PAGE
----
How to Make Your Own Computer Game

Have you ever felt let down by the video games industry, or that there aren’t enough titles made that suit your tastes?

It’s unlikely, given that we are currently living in the golden age of gaming, but if you feel under-represented by the industry then here’s a possible solution: go and make your own game!

That might sound a ridiculous proposition if you don’t have any coding experience, but the truth is that making your own indie title is not as complicated as you might think.

The award-winning Journey, the ever-popular Minecraft and the cult favourite Super Meat Boy are all independent titles made by small teams on a tiny budget, and yet each delivers a fun and immersive experience worthy of games that cost millions to make.  

The likes of Cave Story, Unturned and Axiom Verge were all made by one person, while Tetris – arguably the game that started the revolution – was a labour of love for Alexey Pajitnov.  

So what do you need to get started? Either a desktop computer or laptop is a good starting point, and (lots of) spare time. The likelihood of you being able to produce a title as sophisticated and powerful as Call of Duty is slim to none, but who knows? Maybe you can use your love of video games to produce a title that you and others will love to play.

And it might just be easier than you think…

Step 1: The Idea

The genesis of your project will be the initial idea for your creation.

Are you going to target a favourite genre for your game, or have you had an idea for a narrative that you wish to pursue?

Of course, this will have to exist within your limitations as a newbie games designer, so unfortunately huge 3D gameworlds and complex cut scenes are off the menu…for now.

The best advice is to keep things simple, revolving your game around a basic story featuring as few characters as possible. Remember, you don’t need to be a scriptwriter par excellence at this early stage: just have a starting point and enjoy the creative journey.

Step 2: Choose Your Platform & Software

The look and feel of your end product will be determined partly by the platform you wish to target, but more ostensibly by the software you use to craft it.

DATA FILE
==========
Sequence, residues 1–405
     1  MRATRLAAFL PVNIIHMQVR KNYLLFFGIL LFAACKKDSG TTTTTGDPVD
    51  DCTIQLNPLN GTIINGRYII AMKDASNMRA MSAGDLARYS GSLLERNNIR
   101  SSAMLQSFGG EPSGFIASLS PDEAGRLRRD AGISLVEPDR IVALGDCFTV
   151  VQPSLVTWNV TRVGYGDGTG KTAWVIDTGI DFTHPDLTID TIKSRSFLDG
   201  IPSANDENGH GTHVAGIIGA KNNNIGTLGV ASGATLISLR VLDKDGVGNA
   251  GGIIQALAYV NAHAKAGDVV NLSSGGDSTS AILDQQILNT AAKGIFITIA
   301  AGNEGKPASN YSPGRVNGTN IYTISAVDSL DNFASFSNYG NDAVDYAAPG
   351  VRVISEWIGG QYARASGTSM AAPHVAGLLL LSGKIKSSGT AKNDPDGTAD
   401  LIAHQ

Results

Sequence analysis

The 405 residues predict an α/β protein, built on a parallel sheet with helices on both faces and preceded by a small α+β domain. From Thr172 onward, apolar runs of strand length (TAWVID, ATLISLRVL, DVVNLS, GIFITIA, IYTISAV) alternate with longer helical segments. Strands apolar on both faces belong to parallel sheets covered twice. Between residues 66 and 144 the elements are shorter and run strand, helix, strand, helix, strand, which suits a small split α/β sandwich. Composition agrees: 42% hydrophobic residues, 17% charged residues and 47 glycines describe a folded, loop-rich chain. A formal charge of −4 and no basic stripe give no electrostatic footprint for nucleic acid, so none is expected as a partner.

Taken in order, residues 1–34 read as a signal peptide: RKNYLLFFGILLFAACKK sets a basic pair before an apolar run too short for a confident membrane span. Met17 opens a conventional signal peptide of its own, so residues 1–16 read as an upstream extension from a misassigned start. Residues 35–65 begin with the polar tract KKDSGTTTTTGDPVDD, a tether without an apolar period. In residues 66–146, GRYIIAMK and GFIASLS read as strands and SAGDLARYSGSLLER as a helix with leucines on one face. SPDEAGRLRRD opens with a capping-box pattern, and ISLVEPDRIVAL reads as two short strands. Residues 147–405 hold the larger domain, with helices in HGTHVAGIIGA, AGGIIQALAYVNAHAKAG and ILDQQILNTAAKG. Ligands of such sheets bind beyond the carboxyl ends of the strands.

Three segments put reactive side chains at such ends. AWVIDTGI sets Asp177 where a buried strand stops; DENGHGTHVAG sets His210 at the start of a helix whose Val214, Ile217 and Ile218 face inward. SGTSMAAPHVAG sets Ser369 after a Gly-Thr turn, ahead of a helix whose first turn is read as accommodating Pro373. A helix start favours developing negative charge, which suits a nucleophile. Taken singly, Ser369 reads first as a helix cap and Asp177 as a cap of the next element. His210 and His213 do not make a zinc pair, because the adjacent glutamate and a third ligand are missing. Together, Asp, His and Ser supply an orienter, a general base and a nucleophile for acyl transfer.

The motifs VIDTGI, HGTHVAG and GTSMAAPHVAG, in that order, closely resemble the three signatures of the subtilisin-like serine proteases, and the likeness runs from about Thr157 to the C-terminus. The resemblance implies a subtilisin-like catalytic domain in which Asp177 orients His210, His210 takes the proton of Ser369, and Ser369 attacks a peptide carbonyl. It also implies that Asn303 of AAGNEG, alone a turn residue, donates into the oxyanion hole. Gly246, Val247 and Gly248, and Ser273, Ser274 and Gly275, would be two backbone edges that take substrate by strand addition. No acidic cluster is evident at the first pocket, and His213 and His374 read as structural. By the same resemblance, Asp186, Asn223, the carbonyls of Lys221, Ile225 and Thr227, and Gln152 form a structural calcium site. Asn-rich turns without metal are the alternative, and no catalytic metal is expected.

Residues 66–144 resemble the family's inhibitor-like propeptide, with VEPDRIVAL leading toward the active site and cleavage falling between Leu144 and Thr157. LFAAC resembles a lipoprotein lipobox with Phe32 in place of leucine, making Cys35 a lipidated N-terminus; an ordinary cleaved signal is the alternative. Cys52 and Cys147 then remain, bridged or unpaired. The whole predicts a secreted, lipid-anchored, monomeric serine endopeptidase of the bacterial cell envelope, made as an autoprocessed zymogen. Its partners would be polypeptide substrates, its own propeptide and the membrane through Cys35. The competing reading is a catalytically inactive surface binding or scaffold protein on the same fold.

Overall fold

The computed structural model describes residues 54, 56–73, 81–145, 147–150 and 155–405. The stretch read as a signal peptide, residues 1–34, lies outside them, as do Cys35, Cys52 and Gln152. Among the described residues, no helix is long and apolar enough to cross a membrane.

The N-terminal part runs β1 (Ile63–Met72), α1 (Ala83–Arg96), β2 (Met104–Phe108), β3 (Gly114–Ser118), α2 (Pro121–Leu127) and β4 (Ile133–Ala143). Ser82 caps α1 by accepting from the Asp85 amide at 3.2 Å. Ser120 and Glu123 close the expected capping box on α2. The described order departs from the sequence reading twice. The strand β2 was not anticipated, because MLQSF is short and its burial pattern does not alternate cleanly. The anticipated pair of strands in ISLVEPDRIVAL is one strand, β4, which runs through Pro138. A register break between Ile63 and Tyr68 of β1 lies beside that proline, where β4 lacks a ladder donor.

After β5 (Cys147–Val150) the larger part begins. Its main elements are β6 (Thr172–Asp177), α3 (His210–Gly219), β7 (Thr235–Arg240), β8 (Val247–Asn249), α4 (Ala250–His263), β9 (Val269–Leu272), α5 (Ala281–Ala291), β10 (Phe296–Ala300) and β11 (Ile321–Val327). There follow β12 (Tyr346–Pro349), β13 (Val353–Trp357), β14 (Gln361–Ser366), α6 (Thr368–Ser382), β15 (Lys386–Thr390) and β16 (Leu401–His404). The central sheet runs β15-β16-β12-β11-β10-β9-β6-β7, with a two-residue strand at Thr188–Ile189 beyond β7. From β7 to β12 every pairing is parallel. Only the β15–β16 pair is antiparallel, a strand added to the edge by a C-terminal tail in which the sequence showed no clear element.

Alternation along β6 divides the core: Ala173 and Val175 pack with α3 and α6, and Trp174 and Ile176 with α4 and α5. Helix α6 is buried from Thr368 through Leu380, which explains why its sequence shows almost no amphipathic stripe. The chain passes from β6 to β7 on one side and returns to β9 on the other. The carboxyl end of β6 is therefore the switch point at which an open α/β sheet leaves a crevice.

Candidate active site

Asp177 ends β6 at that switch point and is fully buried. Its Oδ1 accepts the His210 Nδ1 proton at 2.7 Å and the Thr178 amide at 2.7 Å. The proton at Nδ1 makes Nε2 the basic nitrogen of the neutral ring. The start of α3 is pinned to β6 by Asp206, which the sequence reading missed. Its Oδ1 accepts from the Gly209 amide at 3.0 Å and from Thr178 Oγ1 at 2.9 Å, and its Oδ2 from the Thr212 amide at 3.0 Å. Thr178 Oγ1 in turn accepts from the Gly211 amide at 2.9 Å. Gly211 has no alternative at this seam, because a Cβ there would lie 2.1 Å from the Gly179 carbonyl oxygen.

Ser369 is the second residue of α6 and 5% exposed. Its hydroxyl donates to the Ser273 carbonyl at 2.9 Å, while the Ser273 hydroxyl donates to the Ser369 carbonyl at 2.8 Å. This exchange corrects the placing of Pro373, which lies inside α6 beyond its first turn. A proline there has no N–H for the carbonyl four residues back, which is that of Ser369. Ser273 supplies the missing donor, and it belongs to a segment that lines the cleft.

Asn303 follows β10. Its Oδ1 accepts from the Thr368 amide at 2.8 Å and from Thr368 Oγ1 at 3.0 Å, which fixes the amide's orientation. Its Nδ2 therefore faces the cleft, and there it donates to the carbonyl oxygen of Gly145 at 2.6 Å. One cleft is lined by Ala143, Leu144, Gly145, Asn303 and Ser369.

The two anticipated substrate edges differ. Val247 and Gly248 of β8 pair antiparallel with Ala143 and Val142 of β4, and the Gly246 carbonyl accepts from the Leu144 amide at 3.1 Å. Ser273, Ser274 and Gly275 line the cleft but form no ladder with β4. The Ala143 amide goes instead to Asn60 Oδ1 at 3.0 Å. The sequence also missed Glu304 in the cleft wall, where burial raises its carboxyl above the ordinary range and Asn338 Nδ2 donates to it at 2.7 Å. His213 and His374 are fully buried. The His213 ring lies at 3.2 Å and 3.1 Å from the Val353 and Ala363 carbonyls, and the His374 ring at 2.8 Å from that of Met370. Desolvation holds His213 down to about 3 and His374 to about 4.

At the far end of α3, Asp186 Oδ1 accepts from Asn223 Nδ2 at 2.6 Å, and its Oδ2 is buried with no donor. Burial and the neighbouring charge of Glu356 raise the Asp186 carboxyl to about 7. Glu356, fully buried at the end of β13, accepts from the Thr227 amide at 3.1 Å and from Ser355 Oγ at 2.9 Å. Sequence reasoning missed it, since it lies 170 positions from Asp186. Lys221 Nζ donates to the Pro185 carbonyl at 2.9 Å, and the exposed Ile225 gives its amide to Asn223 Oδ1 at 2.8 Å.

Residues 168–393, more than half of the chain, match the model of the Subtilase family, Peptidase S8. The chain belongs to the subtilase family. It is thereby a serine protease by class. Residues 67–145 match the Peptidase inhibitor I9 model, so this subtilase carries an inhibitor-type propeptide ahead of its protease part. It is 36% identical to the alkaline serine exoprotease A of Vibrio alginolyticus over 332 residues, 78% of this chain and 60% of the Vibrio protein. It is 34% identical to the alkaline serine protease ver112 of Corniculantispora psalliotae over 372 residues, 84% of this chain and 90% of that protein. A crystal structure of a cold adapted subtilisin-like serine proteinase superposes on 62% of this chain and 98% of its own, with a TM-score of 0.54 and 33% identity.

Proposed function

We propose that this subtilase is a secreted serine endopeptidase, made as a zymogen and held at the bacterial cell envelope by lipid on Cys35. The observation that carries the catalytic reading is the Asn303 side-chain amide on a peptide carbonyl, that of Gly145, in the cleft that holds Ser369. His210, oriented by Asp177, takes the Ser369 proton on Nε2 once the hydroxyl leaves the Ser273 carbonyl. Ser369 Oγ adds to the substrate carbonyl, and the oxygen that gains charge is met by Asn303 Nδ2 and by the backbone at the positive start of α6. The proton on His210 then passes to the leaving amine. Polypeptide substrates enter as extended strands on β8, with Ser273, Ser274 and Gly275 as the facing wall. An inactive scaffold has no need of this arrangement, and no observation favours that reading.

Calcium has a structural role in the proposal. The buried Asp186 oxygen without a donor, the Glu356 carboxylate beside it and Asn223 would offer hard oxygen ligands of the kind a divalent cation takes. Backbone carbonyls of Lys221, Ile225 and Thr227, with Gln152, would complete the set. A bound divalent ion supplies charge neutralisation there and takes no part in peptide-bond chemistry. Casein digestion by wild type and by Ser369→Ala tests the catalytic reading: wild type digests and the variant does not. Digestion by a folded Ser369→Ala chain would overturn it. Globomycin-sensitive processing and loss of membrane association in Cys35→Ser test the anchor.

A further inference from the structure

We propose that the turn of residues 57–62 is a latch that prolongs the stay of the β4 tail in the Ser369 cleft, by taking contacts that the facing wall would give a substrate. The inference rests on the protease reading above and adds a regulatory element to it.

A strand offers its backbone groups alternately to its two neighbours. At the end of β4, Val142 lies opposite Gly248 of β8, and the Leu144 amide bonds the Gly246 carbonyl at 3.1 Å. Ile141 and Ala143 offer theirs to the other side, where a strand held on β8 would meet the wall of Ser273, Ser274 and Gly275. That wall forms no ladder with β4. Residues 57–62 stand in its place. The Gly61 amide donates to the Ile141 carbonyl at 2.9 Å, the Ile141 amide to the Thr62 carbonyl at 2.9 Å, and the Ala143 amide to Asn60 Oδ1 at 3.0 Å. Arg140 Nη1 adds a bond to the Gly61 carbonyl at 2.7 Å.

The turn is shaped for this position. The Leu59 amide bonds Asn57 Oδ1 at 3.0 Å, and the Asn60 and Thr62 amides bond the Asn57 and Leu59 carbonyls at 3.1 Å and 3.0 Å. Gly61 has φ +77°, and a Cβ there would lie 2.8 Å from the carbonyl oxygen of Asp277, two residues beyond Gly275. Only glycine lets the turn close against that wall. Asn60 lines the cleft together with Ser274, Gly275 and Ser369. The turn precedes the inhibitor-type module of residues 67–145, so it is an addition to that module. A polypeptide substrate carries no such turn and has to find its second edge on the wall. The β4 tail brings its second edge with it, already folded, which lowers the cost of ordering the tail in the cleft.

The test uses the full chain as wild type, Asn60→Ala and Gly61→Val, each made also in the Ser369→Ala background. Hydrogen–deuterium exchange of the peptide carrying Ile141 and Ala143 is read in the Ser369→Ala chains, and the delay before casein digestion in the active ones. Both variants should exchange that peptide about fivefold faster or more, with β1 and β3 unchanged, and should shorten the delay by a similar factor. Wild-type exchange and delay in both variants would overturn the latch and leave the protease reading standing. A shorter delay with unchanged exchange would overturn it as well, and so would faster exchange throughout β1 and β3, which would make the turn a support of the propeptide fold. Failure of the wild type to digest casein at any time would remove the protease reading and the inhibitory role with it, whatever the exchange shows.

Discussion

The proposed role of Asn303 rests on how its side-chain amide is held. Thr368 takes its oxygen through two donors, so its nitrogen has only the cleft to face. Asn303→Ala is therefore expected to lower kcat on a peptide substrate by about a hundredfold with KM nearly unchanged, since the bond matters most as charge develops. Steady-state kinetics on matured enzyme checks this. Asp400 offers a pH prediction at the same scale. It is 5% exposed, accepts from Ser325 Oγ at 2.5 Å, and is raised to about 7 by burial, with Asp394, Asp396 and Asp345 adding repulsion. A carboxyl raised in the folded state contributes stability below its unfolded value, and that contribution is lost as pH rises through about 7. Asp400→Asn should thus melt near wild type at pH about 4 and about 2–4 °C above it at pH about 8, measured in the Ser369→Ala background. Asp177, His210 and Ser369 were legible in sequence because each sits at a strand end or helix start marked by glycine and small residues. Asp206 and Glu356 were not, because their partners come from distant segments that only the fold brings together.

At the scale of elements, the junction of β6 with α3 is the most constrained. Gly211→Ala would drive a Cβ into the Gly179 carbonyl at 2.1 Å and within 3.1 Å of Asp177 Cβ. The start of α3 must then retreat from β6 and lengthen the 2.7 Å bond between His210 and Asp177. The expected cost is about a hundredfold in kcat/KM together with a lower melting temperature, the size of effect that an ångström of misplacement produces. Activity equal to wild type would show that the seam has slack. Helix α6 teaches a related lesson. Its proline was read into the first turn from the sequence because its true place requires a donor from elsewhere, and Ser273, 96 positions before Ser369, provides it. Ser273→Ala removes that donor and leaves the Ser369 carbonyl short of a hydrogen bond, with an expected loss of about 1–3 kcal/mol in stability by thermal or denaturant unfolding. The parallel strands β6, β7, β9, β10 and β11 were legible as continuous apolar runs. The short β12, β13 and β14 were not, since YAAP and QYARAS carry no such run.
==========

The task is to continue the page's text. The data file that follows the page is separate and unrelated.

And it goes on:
Are you intending to make a smartphone-based game, or one designed for PCs? This is your first question to answer, because for now at least building a console title might just be outside of your grasp.

Smartphone games utilise mechanics such as touchscreen and tilting to power the gameplay, while for PC gamers it’s the good old keyboard and mouse combination that gets the job done.

As far as software is concerned, you have a number of different choices. Can you remember those classic text-based adventures? These are simple to make using the tools available from the likes of Inform and Twine, and as long as you have a compelling narrative these can be super-fun to play.

If you want to ramp up the difficulty, you can try the 2D solutions provided by RPG Maker VX or the GameMaker Studio 2 platform. There are some outstanding examples on those sites of games built using their proprietary software (think Gunpoint and Hotline Miami), and these may act as inspiration.

And for the most optimistic of first-time developers, you could try the free 3D options available at Unity, which is also used by many experienced development teams as well. It’s complex, but incredibly rewarding.

Step 3: Conceptualise and Build

Now it’s time to start adding some meat to the bones.

Whether your central character is a hero, villain or a ‘thing’ – the main feature of Pong is a paddle, after all – this needs to be designed and developed accordingly.

If your creative juices are low, you can always base your idea on existing tropes. Casino games are one option, with playing cards, roulette wheels and slot machines easy to replicate. If you need any further inspiration, take the time to explore the best sites in more detail on an up-to-date list of new casinos in the UK.

If you plan on creating your own world, it is recommended that you have access to image creation software. Photoshop is the paid option of choice, but if you are on a tighter budget then GIMP is a free software toolkit that boasts plenty of cool features.

Once your character(s) and gameworld are designed, you can crack on with the build using the software options highlighted above.

Step 4: Testing & Publishing

Once your game is completed, you will then need to undergo a series of tests to ensure it is bug-free and doesn’t contain any silly errors (spellchecking text-based adventures is always a smart idea!).

It makes sense at this point to ask friends or family to play your beta version, as their ‘fresh eyes’ can pick up mistakes you have missed. They may also recommend positive changes, too.

Once you are satisfied, congratulations: you are ready to publish your completed game!

Each software platform has their own rules and possibilities when it comes to publishing with regards to licences etc, so be sure to do your research.

But before you know it, your game could be available for sale in app stores and via retailers like Steam…how exciting is that!?

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